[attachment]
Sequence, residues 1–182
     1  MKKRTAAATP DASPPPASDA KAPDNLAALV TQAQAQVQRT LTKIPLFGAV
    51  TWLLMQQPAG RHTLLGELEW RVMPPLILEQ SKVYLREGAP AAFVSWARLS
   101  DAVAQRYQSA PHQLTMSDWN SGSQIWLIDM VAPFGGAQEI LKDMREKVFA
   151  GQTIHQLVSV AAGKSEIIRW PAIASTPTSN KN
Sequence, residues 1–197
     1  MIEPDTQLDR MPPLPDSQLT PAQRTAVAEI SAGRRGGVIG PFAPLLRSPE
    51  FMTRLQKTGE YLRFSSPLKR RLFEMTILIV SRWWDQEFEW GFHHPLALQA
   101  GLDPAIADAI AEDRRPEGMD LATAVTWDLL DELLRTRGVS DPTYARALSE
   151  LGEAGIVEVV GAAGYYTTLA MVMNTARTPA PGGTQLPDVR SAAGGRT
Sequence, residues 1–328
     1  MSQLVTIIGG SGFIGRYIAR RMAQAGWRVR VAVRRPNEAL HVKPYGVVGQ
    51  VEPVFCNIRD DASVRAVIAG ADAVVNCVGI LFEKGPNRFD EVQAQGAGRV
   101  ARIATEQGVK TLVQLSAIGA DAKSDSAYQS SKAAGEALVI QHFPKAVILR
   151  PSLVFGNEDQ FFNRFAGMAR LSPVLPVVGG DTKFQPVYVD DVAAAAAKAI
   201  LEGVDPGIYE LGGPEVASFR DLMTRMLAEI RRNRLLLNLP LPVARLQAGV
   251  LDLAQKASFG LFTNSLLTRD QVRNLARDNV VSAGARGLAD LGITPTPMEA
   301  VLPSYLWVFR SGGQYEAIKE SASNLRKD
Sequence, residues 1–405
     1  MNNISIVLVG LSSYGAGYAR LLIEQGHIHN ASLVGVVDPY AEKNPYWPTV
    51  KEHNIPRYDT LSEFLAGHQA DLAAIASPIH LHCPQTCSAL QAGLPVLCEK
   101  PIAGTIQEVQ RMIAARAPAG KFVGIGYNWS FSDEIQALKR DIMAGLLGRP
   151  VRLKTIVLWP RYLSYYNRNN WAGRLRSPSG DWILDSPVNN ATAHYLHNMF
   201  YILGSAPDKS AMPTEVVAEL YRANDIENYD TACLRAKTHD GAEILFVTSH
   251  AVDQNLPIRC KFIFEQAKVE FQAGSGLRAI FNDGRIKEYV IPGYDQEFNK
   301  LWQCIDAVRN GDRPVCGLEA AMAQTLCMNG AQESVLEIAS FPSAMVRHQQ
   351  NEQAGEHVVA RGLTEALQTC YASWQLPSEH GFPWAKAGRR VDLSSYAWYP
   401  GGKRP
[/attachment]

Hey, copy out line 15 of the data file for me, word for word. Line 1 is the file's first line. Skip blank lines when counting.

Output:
   151  PSLVFGNEDQ FFNRFAGMAR LSPVLPVVGG DTKFQPVYVD DVAAAAAKAI